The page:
Green Project of the Year: Luxury Multifamily
Awarded to the company that develops green built luxury condominiums or apartments, this honor was presented to Ecohousing and Poretsky Builders in Bethesda, Md. The company involved future residents in the design of the Eastern Village Cohousing Condominiums, which were converted from a four-story, U-shaped concrete-frame office building. The new residences maintain the same U-shape design, but added green features including a front façade with a sunshade and a “living” roof with plants to control rainwater runoff and provide thermal protection.

Green Project of the Year: Remodeling
An historic home remodeled by RSLawrence Construction in suburban Dallas is this year’s winner in the remodeling category. The home was built in 1915 by noted Texas architect Hal Thomson. The remodeling project called for renovating and modernizing the main part of the original structure, while preserving its character. A few of the many green features include wood recycled from demolished portions of the house, use of insulated glass, and Icynene foam insulation.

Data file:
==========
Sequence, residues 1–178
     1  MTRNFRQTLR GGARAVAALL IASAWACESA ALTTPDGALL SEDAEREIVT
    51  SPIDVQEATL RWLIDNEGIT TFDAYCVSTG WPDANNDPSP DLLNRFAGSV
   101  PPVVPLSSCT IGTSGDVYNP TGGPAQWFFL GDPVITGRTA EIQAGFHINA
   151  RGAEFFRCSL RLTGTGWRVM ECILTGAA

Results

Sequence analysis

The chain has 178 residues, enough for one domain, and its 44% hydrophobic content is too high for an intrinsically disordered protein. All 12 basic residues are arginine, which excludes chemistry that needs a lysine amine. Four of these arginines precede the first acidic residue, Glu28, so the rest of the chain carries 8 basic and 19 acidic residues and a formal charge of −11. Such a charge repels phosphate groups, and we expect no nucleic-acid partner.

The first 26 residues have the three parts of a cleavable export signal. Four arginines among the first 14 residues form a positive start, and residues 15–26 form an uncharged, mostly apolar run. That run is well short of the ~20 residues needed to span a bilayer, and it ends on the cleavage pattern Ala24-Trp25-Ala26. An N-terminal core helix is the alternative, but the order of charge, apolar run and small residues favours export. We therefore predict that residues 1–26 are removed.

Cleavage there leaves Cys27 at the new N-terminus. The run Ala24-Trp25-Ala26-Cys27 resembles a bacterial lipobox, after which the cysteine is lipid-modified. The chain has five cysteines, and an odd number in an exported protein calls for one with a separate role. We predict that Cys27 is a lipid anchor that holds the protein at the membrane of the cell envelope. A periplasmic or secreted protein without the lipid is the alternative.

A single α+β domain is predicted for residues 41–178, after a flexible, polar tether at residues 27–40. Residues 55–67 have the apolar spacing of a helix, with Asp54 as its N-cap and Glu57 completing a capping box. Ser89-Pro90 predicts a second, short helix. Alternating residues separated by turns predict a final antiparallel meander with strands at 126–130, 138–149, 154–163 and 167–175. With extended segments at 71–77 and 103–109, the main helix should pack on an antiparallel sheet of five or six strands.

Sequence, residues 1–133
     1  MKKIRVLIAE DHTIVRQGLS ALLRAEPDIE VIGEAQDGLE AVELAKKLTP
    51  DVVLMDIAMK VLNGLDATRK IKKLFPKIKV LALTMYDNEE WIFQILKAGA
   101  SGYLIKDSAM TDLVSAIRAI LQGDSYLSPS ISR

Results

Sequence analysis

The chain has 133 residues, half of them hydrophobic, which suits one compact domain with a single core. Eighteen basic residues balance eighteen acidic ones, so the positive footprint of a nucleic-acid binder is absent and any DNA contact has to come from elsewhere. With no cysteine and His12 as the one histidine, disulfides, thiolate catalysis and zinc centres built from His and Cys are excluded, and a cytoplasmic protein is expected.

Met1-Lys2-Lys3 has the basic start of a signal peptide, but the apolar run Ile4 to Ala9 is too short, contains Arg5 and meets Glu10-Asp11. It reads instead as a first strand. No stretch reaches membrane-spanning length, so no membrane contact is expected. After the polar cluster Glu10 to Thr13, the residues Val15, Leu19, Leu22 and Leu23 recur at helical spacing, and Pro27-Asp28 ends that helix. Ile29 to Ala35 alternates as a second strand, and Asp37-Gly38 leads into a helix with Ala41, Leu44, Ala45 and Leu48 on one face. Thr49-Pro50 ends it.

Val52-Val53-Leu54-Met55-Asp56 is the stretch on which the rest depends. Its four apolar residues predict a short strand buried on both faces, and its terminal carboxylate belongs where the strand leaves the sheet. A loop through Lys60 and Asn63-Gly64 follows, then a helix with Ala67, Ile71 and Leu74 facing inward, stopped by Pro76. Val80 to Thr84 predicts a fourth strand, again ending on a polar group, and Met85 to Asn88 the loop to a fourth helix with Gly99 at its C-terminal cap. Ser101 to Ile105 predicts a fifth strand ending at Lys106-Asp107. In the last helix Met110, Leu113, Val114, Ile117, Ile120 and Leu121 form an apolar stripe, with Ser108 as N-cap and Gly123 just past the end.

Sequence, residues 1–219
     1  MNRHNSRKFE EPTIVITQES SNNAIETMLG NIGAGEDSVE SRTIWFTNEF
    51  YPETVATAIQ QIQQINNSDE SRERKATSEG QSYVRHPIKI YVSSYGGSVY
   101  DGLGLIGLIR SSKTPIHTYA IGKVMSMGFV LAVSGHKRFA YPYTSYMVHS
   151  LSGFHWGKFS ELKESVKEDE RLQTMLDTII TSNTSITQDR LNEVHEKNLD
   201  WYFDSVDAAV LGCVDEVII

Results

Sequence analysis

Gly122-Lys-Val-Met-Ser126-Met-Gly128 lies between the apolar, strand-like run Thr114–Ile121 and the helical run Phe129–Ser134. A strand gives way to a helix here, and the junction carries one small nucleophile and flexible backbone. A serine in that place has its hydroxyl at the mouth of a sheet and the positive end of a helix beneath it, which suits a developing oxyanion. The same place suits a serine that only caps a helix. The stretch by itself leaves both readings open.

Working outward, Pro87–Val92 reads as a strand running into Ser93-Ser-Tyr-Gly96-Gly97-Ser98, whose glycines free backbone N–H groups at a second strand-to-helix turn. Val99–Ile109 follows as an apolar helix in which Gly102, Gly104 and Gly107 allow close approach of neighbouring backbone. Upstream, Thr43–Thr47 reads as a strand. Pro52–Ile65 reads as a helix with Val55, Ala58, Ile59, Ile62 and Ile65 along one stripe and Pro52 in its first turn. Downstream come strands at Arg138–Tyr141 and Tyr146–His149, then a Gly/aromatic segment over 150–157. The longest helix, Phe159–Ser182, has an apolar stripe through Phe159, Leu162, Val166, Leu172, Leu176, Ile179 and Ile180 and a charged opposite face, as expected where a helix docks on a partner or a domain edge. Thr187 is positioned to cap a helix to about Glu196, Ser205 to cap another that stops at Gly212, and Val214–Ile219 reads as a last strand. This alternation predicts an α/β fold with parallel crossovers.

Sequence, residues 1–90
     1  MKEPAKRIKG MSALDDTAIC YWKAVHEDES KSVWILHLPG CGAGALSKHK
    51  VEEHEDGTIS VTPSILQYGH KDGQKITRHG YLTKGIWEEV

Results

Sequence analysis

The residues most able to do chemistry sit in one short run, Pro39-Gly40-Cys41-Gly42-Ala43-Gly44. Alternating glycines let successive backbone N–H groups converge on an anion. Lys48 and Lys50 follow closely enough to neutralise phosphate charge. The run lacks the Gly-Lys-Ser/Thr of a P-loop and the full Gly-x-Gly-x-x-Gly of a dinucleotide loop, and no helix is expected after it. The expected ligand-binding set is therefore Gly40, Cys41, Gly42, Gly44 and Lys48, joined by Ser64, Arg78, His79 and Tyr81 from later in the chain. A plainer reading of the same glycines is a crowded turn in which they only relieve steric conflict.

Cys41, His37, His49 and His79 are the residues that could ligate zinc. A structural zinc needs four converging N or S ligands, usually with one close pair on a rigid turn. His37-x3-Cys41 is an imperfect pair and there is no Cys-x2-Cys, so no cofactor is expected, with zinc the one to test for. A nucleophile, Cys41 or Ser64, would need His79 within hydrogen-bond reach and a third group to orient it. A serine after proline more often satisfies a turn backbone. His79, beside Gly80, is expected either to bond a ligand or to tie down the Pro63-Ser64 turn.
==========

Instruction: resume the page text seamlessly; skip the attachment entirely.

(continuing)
Outstanding Green Marketing Award
In the category that recognizes companies for campaigns that best advance the ideals of green construction, this year’s marketing winner has been committed to 'green’ for years. All of the homes in WCI Communities Venetian Golf and River Club in Bonita Springs, Fla. were built using green techniques, and are undergoing certification by the Florida Green Building Coalition’s Green Home Standards. WCI promoted this community using a green building education center, Web site, trained sales staff and public presentations on the need for sustainable and green building.

Green Program of the Year
Home builders associations, governments and other institutions with green building programs are eligible to receive this award. California Green Builder, a sub-group of the California Building Industry Association, was awarded for being user-friendly, quantifiable and one of the fastest growing programs in the country. The program started two years ago, and was overhauled after a few months after builders said that participation was difficult. Its redesign focused on meeting the program’s four goals of energy efficiency and maintaining waste, water and air quality. Two large production builders have agreed to build their 1,000+ annual units to program standards.

Green Advocate of the Year: Group/Organization